Provides evidence to support the claim that achieving racial equity would create a stronger workforce and economy in Michigan.

The brief promotes the importance of racial equity in Michigan for the business community. Created in 2015, it first explains the importance of a “high-quality workforce” in order for the state to do well in the “next economy” (p.1). It then notes that 24% of the state’s residents are people of color, and that people of color in the state face racism and other barriers that make it challenging for the state to have “success in the increasingly global economy” (p2). “Unfortunately, the average child of color in Michigan is born into a path of poorer health, lower educational attainment, fewer employment opportunities, and greater involvement with the criminal justice system than the average white child. Given the demographic trends already underway, reducing racial inequities will not only improve life outcomes for those most affected, it will increasingly determine the state’s overall economic performance” (p.1). The brief provides “20 facts about racial and ethnic inequities in Michigan” (p.3) that show the barriers caused by racism. This demographic information includes statistics that reveal racial disparities in the areas of health, employment, and education. It follows these with “estimates of the economic benefits of greater racial equity in Michigan” (p.5). These estimates show the increases in tax revenues and savings due to the reduced use of corrections and other programs that might occur if racial equity was achieved in Michigan.

The brief notes that racial equity should be important for the business community because, “With greater racial equity, disparities in health, educational achievement, incarceration rates, and employment opportunities diminish, improving life outcomes and building a healthier, more productive workforce whose skills better align with future needs… All these positive outcomes will help Michigan attract more people and greater private investment, further improving the state’s growth outlook” (p.2).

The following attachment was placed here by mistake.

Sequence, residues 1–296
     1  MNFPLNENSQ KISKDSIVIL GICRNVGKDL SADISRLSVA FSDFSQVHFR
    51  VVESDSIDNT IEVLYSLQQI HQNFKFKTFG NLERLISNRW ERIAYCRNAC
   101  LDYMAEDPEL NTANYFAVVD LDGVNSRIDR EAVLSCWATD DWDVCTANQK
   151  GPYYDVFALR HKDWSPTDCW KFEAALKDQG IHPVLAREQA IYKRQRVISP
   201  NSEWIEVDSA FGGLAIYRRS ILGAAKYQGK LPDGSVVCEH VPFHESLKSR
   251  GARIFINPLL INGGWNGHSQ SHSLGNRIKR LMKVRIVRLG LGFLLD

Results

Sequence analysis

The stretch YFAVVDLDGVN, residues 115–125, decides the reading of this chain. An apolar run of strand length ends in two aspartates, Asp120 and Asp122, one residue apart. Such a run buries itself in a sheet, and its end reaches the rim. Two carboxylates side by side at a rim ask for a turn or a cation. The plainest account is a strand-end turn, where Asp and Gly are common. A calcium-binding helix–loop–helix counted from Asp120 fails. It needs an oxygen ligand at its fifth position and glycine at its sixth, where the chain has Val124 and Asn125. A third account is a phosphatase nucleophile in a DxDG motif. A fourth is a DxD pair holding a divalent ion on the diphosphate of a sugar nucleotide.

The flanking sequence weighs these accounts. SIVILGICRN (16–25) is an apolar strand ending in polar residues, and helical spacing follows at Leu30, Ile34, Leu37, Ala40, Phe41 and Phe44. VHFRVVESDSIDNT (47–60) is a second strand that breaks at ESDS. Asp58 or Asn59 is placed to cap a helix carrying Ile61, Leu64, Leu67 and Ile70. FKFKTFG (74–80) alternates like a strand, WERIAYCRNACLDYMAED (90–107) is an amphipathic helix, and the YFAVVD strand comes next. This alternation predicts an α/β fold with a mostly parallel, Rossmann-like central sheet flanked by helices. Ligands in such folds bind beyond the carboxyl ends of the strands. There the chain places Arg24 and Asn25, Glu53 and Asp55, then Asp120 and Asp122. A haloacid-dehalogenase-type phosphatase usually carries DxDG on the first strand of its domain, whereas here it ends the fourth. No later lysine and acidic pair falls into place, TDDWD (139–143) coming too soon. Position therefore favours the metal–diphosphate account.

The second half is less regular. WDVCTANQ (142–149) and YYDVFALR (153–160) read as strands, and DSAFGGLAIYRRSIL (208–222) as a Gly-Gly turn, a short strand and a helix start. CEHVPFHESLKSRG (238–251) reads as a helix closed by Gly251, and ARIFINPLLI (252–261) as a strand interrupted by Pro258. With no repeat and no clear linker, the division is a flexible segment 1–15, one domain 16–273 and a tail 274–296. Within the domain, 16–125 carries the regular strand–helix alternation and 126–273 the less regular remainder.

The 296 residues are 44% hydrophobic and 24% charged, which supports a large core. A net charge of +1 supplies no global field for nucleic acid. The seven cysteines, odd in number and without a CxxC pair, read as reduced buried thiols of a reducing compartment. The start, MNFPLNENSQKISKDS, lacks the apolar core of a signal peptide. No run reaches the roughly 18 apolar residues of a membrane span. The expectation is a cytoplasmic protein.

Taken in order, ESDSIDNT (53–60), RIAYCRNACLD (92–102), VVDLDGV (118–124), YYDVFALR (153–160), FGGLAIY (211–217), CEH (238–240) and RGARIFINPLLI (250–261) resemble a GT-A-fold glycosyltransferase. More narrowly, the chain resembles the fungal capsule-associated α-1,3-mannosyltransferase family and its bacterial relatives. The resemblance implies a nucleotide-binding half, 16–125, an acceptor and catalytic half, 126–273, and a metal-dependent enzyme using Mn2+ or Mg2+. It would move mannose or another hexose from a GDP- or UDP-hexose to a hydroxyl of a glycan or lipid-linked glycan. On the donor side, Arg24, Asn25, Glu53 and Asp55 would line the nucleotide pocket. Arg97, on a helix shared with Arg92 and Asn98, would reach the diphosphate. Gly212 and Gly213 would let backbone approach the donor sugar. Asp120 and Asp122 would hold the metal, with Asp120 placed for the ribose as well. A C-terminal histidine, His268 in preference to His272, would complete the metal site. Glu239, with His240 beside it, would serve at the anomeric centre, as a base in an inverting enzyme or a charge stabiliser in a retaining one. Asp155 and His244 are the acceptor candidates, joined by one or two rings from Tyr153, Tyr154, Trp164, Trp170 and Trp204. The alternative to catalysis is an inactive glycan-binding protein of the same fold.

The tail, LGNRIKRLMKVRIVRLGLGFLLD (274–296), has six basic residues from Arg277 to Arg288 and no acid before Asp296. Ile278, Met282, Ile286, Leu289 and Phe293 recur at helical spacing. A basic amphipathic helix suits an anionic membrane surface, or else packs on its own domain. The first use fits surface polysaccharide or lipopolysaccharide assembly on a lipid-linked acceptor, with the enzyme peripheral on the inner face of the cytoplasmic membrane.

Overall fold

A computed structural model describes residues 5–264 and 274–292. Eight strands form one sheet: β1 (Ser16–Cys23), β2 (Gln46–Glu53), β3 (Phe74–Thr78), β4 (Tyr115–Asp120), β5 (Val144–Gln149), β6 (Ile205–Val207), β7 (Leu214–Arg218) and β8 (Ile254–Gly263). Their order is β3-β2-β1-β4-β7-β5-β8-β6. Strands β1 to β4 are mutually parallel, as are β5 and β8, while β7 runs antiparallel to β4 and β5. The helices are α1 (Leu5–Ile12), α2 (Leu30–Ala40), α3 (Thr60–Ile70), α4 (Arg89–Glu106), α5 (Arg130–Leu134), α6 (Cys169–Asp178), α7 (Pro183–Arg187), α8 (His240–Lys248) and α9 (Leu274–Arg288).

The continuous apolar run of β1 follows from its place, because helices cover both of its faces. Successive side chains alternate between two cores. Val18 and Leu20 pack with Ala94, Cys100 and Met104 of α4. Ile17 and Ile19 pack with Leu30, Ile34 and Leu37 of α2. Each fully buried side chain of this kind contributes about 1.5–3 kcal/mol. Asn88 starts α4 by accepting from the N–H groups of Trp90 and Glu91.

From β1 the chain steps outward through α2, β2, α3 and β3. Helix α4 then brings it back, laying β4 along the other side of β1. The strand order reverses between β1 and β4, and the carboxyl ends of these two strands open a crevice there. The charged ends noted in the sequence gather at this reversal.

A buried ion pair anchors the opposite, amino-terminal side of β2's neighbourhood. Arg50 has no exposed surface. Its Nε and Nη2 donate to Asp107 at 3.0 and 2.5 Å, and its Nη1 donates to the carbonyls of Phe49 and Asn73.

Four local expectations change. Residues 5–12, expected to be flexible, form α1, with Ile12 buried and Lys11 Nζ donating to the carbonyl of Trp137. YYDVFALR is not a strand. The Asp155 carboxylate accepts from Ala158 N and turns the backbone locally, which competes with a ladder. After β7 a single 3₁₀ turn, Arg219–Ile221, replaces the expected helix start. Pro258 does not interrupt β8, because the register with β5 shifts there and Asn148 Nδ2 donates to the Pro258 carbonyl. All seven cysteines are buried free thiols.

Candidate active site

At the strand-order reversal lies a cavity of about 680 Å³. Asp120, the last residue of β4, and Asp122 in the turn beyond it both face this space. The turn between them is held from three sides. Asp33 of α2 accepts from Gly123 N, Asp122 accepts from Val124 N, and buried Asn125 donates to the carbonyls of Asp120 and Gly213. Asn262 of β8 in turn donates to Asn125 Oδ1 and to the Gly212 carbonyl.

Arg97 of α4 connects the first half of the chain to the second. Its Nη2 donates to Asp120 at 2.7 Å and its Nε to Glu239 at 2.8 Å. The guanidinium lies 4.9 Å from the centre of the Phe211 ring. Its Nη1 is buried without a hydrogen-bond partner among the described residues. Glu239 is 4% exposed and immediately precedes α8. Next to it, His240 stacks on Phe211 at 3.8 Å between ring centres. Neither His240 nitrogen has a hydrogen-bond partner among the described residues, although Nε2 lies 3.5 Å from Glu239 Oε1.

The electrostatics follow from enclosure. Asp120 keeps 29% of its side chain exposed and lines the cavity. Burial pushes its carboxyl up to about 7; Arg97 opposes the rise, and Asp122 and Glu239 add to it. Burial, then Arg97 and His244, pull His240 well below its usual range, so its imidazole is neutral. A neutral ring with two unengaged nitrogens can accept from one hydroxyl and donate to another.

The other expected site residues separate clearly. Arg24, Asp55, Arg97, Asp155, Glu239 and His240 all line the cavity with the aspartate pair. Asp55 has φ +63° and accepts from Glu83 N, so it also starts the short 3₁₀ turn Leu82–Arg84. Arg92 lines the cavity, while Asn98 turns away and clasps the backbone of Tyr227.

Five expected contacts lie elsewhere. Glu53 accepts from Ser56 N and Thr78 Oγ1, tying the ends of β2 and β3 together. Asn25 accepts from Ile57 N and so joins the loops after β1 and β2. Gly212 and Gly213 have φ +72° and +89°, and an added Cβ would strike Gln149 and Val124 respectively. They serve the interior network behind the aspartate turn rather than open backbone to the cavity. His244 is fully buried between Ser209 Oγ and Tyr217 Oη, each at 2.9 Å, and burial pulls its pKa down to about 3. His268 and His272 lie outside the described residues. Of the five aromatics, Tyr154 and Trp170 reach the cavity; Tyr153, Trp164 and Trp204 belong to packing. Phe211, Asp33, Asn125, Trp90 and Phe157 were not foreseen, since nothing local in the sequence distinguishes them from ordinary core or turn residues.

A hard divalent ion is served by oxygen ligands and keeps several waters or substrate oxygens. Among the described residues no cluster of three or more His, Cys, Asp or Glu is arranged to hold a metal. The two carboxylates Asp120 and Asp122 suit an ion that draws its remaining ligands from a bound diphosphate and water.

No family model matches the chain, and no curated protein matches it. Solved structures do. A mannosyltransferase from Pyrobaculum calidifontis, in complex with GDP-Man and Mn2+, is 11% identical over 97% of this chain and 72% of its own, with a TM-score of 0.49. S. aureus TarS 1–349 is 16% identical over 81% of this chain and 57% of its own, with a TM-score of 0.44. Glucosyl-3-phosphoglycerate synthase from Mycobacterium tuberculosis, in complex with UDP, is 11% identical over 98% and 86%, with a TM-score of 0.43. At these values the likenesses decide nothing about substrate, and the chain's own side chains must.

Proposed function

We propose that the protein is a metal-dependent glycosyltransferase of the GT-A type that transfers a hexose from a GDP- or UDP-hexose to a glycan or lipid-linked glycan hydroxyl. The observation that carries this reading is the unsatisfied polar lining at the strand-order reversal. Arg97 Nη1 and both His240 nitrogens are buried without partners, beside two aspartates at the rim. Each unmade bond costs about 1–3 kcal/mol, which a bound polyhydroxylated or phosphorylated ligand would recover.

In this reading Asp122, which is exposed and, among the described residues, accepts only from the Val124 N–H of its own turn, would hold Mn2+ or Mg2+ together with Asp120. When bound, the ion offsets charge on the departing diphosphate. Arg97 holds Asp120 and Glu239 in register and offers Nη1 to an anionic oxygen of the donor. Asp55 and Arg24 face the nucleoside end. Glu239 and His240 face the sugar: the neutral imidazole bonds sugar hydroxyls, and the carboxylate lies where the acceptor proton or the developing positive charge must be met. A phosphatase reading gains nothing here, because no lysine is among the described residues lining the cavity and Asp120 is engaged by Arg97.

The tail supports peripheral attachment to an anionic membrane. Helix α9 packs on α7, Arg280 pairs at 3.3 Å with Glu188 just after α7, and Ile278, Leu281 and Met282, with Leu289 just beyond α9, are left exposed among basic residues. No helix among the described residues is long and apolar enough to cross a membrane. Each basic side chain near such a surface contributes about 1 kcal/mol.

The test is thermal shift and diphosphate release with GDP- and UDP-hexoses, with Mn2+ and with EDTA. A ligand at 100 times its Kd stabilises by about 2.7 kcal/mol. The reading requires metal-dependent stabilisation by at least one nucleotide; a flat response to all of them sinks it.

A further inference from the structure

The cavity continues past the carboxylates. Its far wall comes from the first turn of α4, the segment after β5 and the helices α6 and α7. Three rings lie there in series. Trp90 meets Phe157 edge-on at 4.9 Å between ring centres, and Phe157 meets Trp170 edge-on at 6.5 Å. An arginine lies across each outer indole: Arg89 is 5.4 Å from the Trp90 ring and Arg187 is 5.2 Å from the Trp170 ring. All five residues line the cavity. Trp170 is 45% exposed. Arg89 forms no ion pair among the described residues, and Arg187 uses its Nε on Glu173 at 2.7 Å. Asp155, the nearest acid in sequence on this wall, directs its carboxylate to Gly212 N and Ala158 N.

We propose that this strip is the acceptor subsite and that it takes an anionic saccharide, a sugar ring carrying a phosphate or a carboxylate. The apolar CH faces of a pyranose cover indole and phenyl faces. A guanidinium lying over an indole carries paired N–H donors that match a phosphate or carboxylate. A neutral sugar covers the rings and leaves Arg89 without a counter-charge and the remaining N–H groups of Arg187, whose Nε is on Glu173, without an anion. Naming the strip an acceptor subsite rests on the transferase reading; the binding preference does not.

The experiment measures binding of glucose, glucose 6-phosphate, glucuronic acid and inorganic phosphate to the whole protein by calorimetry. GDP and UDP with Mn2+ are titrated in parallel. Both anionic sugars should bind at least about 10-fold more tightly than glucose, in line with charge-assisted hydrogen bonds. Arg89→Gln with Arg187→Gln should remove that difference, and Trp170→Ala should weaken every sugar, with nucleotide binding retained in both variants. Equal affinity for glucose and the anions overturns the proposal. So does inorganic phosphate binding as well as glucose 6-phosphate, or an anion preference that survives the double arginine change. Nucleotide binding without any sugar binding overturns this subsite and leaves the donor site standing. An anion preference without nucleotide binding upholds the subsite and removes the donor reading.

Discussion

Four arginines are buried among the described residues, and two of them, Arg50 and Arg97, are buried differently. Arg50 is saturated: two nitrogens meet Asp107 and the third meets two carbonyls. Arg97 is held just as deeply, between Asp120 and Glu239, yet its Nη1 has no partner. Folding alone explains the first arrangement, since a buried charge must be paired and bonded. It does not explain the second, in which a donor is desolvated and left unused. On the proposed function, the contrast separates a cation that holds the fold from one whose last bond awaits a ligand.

(Abstractor: Author and Website Staff)

Major Findings & Recommendations

The brief concludes by recommending “promising policies and approaches to improving racial equity” (p.6). It explains that “the racial and ethnic inequities witnessed today are longstanding and will not disappear without sustained commitment, but there are effective approaches being implemented in Michigan that are already advancing this goal” (p.6). Over 10 policies are promoted, most focusing on education, the environment, health, and criminal justice, including the following: • “Many communities in Michigan supplement federal or state programs such as GSRP, Head Start, and Early Head Start with additional targeted programs. The Battle Creek Early Childhood Connections program provides Welcome Baby Baskets, home visits, and playgroups for families with children ages 0–5” (p.6). • “Hundreds of local initiatives throughout Michigan target environmental factors critical to good health, including urban gardening and local food initiatives, lead paint testing and remediation, monitoring and cleanup of air and water quality, and development and maintenance of green space and recreational facilities to promote healthy living and childhood play” (p.6). • “Acknowledging our high corrections spending, Michigan is one of several states that have begun to focus on reducing incarceration. The goal is for ‘tough on crime’ to become ‘smart on crime.’ Michigan initiatives to reduce incarceration include reducing mandatory drug sentences, increasing parole grants and reducing technical revocations, and enhancing community corrections programming” (p.6). • “The Pathways from Prison to Postsecondary Education Project is a 5-year initiative to increase educational attainment and employment opportunities for the incarcerated and formerly incarcerated” (p.7). The brief concludes by explaining that “greater racial equity can be promoted by the choices that we make each day as individuals and by the policies that we support through our institutions and our governments. Progress may also require strategic investments of time and resources” (p.7). (Abstractor: Author and Website Staff)